By Lucinda Shen
November 19, 2018

In normal times, when a stock-market downturn looks likely, investors move money into bonds, the better to protect their wealth from sharp losses. But these are not normal times: It looks like the beginning of a downturn in fixed income too. Interest rates are rising, which drives down bond prices. The value of a 10-year Treasury note maturing in November 2027 has fallen 6% in the past year. And the Federal Reserve is expected to hike benchmark rates three times in 2019, putting even more pressure on prices.

Another conundrum: This is a time when many investors actually do need to rebalance their portfolios to own more bonds. The S&P 500 has risen nearly 35% since the 2016 elections, which means most investors have a higher share of stocks in their portfolio than their investment plan might dictate. An October survey by the American Association of Individual Investors found that average exposure to fixed income had dipped to a 10-year low of 13.3%, compared with a high of 25.5% in 2010.

So how can investors rebalance into bonds, and their relative safety, without taking a small but still painful beating? Amy Wasser, a financial adviser at Edward Jones, is adding short-duration U.S. Treasuries to her mix of bonds. While shorter-dated bonds tend to yield less interest than longer-term ones, their prices take less of a hit when inflation rises. (The Vanguard Short-Term Treasury [VFISX] fund is a low-cost way to play that sector.) Independent adviser Lewis Altfest recommends emerging market bonds, whose higher yields make up for the volatility of their prices. (Goldman Sachs Emerging Markets Debt Fund [GSDIX] is a popular option for those assets.)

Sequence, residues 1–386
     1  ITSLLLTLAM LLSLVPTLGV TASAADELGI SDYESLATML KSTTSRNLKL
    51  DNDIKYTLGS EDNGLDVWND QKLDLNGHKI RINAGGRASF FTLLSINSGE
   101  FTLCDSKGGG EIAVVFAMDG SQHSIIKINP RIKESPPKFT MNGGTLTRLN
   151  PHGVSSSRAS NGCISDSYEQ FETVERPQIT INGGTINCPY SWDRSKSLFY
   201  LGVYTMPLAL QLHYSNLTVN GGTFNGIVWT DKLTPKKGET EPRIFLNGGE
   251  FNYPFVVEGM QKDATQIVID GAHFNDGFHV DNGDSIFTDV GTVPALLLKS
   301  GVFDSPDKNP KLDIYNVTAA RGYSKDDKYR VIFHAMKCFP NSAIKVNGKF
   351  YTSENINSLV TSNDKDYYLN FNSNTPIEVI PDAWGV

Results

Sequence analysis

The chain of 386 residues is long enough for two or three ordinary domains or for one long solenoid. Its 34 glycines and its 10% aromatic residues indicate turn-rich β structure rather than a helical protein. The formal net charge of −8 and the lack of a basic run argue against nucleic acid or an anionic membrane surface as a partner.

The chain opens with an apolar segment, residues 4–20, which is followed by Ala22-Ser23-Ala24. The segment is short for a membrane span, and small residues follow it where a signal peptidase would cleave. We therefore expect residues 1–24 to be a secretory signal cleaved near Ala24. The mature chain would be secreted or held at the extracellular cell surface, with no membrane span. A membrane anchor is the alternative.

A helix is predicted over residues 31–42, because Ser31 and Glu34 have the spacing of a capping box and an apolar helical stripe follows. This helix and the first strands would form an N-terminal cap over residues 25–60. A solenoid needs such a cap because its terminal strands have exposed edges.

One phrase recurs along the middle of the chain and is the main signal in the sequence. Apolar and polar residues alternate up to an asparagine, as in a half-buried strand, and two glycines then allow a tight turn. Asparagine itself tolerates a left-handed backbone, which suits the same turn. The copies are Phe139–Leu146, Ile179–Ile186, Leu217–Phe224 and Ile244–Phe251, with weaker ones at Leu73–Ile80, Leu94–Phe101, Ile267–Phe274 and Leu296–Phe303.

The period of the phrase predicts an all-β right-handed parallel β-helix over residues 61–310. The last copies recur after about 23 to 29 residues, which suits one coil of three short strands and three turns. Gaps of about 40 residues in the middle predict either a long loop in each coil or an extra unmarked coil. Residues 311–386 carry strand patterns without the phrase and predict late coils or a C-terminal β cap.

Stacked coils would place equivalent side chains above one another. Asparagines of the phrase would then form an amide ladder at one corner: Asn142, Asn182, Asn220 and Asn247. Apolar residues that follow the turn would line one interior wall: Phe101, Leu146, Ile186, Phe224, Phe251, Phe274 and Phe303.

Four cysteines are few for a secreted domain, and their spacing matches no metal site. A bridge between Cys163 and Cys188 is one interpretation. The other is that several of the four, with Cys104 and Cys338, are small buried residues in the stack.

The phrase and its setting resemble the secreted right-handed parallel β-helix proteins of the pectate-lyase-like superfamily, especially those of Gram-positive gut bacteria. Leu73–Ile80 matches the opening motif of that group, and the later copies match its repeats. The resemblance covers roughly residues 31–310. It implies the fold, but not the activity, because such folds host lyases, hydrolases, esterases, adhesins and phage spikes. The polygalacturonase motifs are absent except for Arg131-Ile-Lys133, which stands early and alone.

Municipal bonds are also worth adding if you live in a high-tax state or locality, says Don Martin of Mayflower Capital. They’re less sensitive to fluctuations in interest rates, and the fact that their interest is partly tax-exempt can sweeten their payout.

One last reason to beef up your bond portfolio: Its value could rise sharply if a truly big stock plunge sends ­investors fleeing to bonds for shelter. “For all we know, it could be the start of the bear market,” says Greg Ghodsi, a Raymond James financial adviser.

A version of this article appears in the December 1, 2018 issue of Fortune, as part of the “2019 Investor’s Guide.

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